FIGS. 3A and 3B illustrate data 300 contained in a portion of an example knowledge base. As shown, various roles, services, ports and protocols are identified and defined. For example, a role named “WEB” has an associated type of “Server”. Three different services are identified: “IISAdmin”, “HTTPFilter” and “W3SVC”. Additionally, two ports are identified: “HTTP” and “HTTPS”. The data 300 also identifies a protocol (TCP). The port “HTTPS” has an associated port number of “443” and uses the TCP protocol. The knowledge base data shown in FIGS. 3A and 3B is abbreviated for purposes of explanation. A particular knowledge base may identify and define any number of roles, services, ports, protocols, tasks and other information. A knowledge base entry may also indicate the direction of a required network communication (such as inbound or outbound). For example, a Web Server role requires port 80 to be opened for inbound communication, but a Web Client role would require port 80 to be opened for outbound communication.

Certain services are not conveniently abstracted by roles. Services such as snapshot, UPS, performance monitoring, etc. are independent of the “role” the machine is performing. These services can be abstracted by tasks as shown in the following example:

<Task>
 <Name> AppMgmt </Name>
 <DependsOn>
  <Roles>
   <Role>
    <Name> DomainMember </Name>
   </Role>
  </Roles>
 </DependsOn>
 <Satisfiable> TRUE </Satisfiable>
 <Selected> FALSE </Selected>
 <Services>
  <Service>
   <Name> AppMgmt </Name>
  </Service>
 </Services>
 <Ports> TBD
 </Ports>
</Task>

The definition of a task has similar syntax to the definition of a role. Additionally, the semantics for the Satisfiable, Selected, Services and Ports elements are the same as they are for roles.

FIG. 4 is a flow diagram illustrating an embodiment of a procedure 400 for configuring a server. Initially, procedure 400 identifies a policy associated with a target server (block 402). The identified policy includes one or more roles that the target server is to perform. Additionally, the identified policy may include one or more roles that the target server is not to perform. Other policies may include one or more roles that the target server is to perform in addition to any roles currently enabled on the target server.

The procedure continues by identifying one or more server roles currently enabled on the target server (block 404). A particular target server may have previously been acting as a server and, therefore, has certain server roles enabled. Procedure 400 enables the new roles contained in the policy on the target server (block 406). The procedure then determines whether any of the currently enabled roles on the target server should be disabled (block 408). This determination is based on information contained in the policy associated with the target server, such as “disable all other server roles” or “disable any file server or web server roles”. If one or more roles on the target server need to be disabled, the services and ports associated with those roles are disabled at block 410. Finally, the procedure finishes configuration of the target server (block 412).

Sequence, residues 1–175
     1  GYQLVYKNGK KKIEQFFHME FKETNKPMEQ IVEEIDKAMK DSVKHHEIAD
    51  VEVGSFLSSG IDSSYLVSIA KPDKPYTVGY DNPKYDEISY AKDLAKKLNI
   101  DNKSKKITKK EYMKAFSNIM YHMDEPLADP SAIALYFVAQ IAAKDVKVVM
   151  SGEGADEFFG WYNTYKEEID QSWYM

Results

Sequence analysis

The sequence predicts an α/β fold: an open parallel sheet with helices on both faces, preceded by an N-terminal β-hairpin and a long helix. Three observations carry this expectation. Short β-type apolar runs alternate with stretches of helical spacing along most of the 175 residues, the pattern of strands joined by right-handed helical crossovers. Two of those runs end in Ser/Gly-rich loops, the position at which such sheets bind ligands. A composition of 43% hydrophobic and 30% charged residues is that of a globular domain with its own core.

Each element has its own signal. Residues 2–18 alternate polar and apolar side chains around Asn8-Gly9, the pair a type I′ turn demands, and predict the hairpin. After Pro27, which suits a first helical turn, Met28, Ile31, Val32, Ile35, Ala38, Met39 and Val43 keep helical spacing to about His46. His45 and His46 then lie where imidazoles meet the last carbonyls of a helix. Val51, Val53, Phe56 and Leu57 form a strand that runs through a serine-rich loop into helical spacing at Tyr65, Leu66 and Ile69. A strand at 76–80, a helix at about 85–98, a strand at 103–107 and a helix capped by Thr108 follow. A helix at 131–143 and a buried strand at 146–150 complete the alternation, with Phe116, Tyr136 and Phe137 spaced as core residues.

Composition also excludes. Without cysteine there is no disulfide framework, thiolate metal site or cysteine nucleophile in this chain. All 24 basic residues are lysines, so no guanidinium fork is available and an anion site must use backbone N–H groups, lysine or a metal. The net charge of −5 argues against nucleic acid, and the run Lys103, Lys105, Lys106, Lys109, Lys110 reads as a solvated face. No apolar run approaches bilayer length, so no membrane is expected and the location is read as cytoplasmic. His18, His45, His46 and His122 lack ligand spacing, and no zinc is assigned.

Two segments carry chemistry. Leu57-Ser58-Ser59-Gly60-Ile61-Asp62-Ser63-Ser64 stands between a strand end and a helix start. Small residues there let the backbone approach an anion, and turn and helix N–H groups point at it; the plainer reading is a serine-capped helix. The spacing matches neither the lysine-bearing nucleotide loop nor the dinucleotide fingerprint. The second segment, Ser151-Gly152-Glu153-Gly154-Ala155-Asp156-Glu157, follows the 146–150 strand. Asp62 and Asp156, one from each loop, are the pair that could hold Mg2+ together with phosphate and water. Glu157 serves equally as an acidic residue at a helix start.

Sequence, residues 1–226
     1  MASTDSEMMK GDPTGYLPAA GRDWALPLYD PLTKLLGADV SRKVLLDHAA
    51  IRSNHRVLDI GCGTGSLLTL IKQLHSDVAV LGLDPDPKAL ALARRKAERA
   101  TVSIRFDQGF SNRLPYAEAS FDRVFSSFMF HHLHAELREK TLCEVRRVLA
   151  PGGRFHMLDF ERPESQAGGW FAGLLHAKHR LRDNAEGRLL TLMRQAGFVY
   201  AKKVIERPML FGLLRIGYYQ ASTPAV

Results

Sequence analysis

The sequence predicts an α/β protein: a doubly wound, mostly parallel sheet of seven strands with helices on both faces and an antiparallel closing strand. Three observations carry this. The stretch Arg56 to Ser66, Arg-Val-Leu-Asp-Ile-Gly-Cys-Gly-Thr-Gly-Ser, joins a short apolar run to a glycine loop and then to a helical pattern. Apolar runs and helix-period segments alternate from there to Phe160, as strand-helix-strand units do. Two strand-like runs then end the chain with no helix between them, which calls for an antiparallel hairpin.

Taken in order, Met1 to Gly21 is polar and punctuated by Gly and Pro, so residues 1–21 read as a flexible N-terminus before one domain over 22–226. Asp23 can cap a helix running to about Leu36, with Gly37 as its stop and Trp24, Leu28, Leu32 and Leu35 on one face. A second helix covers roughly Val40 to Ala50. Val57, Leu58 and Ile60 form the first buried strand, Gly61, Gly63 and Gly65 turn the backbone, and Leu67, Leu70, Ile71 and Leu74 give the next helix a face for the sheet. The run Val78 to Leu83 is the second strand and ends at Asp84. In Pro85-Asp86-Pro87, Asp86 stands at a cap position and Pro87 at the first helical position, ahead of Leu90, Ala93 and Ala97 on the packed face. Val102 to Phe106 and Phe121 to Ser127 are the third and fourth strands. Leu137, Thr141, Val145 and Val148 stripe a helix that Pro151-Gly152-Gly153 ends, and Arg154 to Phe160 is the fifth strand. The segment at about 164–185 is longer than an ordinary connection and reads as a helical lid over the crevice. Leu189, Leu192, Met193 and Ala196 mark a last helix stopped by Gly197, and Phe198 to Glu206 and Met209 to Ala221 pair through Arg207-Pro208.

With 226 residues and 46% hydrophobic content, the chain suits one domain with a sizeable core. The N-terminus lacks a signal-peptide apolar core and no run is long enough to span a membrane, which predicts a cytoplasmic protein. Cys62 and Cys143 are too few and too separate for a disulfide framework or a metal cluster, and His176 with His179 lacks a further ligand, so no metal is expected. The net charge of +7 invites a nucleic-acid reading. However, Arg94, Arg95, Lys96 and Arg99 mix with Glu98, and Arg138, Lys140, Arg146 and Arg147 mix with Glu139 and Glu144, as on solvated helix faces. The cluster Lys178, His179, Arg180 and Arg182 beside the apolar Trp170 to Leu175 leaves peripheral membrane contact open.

FIG. 5 illustrates an example of a Runtime XML file 500 generated by pre-processor 102. For the Runtime XML file 500, the pre-processor sets the <satisfiable> element and the <selected> element for each role. “Satisfiability” is determined by whether or not the target system (e.g., the target server) has all the required services for the corresponding role. “Selected” determines the default selections with which each user begins. The pre-processor can also provide role-independent information such as the IP addresses associated with the target system and the OS version of the target system.

The procedures discussed below with respect to FIGS. 6, 7 and 8 are examples of procedures that may be performed by user interface application 110 (FIG. 1) using information contained in Runtime XML 108.

FIG. 6 is a flow diagram illustrating an embodiment of a procedure 600 for masking role details from a user unless a user requests to see the role details. Initially, procedure 600 identifies one or more roles associated with a target server (block 602). For example, these roles may be identified in a Runtime XML file received by the user interface application. The procedure then displays a list of the identified roles to the user (block 604). This listing may include the name of the target server (if any) and the roles that are associated with the target server. At this point, the procedure masks (e.g., does not display) details regarding each of the roles associated with the target server. The user may request details regarding one or more of the listed roles (block 606). For example, the user may use a mouse or other pointing device to select a particular role from the list of roles.